bird box review

“It’s going to be rough,” Malorie says at the start of Bird Box. She’s looking right into the camera when she says this, and it’s as if she’s speaking directly to us – warning us that what we’re about to see is particularly unpleasant. It immediately sets the stage for Susanne Bier‘s frequently terrifying horror film, but it also doubles as a warning about the moviemaking itself – what you’re about to see isn’t going to unfold as smoothly as it should.

Of course, Malorie – as played by Sandra Bullock – isn’t talking to us. She’s talking to two children – Boy (Julian Edwards) and Girl (Vivien Lyra Blair). The fact that these kids don’t have real names immediately catches our interest. Just what is going on here? What world have we stepped into? Malorie and the kids are about to hop in a small boat and head up a treacherous river. And they’re taking the journey blindfolded. These mysterious, curious details draw us in, and hold us wrapt. There’s a mystery to unlock here, and we might not like the answers.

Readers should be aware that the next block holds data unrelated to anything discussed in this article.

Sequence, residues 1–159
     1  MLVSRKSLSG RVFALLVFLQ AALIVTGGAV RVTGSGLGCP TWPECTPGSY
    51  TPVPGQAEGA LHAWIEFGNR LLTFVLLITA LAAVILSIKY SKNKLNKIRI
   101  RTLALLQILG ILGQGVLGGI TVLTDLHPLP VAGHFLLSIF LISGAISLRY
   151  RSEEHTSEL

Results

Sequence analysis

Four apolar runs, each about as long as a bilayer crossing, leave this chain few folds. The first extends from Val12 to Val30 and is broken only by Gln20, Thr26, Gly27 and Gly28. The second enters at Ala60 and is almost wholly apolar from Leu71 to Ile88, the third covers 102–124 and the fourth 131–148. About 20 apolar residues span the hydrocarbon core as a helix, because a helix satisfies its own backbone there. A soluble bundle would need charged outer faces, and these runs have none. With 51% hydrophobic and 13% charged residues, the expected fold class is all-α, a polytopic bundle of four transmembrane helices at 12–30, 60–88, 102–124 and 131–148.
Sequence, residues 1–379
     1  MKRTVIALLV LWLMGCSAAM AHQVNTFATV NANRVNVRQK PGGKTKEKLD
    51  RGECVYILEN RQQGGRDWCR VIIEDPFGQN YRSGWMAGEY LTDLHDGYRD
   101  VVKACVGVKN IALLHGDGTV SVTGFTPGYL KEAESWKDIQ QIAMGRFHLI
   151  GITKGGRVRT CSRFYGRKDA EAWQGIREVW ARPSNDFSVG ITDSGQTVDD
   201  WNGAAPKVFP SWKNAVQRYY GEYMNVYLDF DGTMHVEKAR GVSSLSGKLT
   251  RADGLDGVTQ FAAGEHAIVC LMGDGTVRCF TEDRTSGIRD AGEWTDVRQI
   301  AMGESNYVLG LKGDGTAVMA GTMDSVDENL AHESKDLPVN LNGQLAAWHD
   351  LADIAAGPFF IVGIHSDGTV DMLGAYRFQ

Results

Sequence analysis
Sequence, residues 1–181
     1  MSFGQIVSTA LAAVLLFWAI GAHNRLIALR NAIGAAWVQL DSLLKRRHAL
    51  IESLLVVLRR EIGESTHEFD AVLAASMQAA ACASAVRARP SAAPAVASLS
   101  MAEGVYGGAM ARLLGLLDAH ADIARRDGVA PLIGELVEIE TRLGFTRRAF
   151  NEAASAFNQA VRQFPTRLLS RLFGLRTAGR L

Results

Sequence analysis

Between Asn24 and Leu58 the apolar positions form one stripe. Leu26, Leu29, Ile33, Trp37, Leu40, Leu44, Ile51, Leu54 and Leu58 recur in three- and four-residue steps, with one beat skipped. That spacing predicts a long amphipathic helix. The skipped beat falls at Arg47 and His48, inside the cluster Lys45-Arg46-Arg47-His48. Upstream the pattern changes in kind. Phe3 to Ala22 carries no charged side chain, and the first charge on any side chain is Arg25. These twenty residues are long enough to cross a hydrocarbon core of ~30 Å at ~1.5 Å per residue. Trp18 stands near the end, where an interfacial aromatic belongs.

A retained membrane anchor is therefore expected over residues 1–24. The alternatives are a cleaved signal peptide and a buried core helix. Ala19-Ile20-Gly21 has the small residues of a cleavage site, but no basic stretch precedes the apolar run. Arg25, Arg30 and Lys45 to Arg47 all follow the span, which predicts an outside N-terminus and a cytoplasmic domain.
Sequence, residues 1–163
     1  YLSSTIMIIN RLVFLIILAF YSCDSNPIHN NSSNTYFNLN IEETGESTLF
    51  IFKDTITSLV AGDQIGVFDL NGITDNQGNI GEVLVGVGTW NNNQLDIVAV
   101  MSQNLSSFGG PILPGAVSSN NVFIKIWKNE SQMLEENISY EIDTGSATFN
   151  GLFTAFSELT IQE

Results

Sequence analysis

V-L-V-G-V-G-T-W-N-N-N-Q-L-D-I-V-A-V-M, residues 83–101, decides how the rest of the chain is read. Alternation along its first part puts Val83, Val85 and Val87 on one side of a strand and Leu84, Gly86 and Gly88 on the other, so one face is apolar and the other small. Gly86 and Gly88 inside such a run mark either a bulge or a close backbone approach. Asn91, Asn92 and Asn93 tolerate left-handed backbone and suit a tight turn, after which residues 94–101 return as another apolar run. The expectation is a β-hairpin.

As Malorie and the children travel the river, Bird Box jumps back five years, introducing us to a completely different world. A world that looks much like our own. Malorie, who is single, is pregnant, and it’s clear she doesn’t want to keep the baby. Adoption is the likely next step, but before she can even begin to think about that, all hell breaks loose. While leaving a check-up with her sister (a woefully underused Sarah Paulson) in tow, chaos begins to reign. People begin acting out of their minds, inflicting self-harm upon themselves until they end up committing suicide. Something is triggering this madness.